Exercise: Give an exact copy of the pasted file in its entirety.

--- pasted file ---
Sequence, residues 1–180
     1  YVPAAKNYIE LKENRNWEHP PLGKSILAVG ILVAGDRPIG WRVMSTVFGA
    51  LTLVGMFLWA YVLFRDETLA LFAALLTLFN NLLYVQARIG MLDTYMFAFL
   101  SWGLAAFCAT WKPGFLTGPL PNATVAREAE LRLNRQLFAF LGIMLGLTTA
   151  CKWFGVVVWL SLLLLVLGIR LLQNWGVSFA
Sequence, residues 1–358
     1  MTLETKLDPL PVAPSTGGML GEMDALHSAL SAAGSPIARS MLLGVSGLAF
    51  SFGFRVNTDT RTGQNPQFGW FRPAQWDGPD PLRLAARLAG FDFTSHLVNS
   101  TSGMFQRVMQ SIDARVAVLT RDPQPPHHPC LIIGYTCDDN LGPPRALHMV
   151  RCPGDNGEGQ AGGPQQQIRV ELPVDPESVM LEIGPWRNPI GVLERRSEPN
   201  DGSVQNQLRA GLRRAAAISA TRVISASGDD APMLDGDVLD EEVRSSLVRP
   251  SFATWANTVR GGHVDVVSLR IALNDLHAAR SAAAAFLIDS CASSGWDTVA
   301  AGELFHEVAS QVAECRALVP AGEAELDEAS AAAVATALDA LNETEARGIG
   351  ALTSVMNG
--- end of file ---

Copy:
Sequence, residues 1–180
     1  YVPAAKNYIE LKENRNWEHP PLGKSILAVG ILVAGDRPIG WRVMSTVFGA
    51  LTLVGMFLWA YVLFRDETLA LFAALLTLFN NLLYVQARIG MLDTYMFAFL
   101  SWGLAAFCAT WKPGFLTGPL PNATVAREAE LRLNRQLFAF LGIMLGLTTA
   151  CKWFGVVVWL SLLLLVLGIR LLQNWGVSFA
Sequence, residues 1–358
     1  MTLETKLDPL PVAPSTGGML GEMDALHSAL SAAGSPIARS MLLGVSGLAF
    51  SFGFRVNTDT RTGQNPQFGW FRPAQWDGPD PLRLAARLAG FDFTSHLVNS
   101  TSGMFQRVMQ SIDARVAVLT RDPQPPHHPC LIIGYTCDDN LGPPRALHMV
   151  RCPGDNGEGQ AGGPQQQIRV ELPVDPESVM LEIGPWRNPI GVLERRSEPN
   201  DGSVQNQLRA GLRRAAAISA TRVISASGDD APMLDGDVLD EEVRSSLVRP
   251  SFATWANTVR GGHVDVVSLR IALNDLHAAR SAAAAFLIDS CASSGWDTVA
   301  AGELFHEVAS QVAECRALVP AGEAELDEAS AAAVATALDA LNETEARGIG
   351  ALTSVMNG